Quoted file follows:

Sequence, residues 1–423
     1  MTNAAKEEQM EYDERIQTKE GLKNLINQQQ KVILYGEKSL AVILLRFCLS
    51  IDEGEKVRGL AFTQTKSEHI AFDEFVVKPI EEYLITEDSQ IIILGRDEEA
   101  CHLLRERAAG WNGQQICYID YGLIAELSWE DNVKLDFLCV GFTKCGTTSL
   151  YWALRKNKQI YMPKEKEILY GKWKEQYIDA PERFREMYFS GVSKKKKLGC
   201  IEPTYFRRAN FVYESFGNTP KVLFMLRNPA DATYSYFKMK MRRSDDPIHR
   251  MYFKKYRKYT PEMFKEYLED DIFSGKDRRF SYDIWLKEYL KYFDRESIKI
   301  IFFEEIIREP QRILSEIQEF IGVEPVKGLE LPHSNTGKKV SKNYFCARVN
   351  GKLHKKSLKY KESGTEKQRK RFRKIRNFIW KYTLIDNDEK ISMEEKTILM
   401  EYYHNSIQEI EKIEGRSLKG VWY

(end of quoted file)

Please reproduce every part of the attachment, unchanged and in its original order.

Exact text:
Sequence, residues 1–423
     1  MTNAAKEEQM EYDERIQTKE GLKNLINQQQ KVILYGEKSL AVILLRFCLS
    51  IDEGEKVRGL AFTQTKSEHI AFDEFVVKPI EEYLITEDSQ IIILGRDEEA
   101  CHLLRERAAG WNGQQICYID YGLIAELSWE DNVKLDFLCV GFTKCGTTSL
   151  YWALRKNKQI YMPKEKEILY GKWKEQYIDA PERFREMYFS GVSKKKKLGC
   201  IEPTYFRRAN FVYESFGNTP KVLFMLRNPA DATYSYFKMK MRRSDDPIHR
   251  MYFKKYRKYT PEMFKEYLED DIFSGKDRRF SYDIWLKEYL KYFDRESIKI
   301  IFFEEIIREP QRILSEIQEF IGVEPVKGLE LPHSNTGKKV SKNYFCARVN
   351  GKLHKKSLKY KESGTEKQRK RFRKIRNFIW KYTLIDNDEK ISMEEKTILM
   401  EYYHNSIQEI EKIEGRSLKG VWY